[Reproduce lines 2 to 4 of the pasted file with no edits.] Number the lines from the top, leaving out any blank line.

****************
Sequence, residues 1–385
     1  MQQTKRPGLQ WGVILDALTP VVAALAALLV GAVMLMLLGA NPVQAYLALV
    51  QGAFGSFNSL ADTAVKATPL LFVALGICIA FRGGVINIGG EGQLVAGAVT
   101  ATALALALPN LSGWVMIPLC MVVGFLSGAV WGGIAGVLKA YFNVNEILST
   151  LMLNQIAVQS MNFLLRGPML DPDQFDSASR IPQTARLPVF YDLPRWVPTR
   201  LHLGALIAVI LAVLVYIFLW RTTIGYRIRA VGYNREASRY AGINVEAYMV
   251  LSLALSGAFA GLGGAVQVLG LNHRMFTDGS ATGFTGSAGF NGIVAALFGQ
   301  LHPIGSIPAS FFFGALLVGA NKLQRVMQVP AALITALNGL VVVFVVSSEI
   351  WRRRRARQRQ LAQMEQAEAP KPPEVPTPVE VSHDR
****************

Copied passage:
     1  MQQTKRPGLQ WGVILDALTP VVAALAALLV GAVMLMLLGA NPVQAYLALV
    51  QGAFGSFNSL ADTAVKATPL LFVALGICIA FRGGVINIGG EGQLVAGAVT
   101  ATALALALPN LSGWVMIPLC MVVGFLSGAV WGGIAGVLKA YFNVNEILST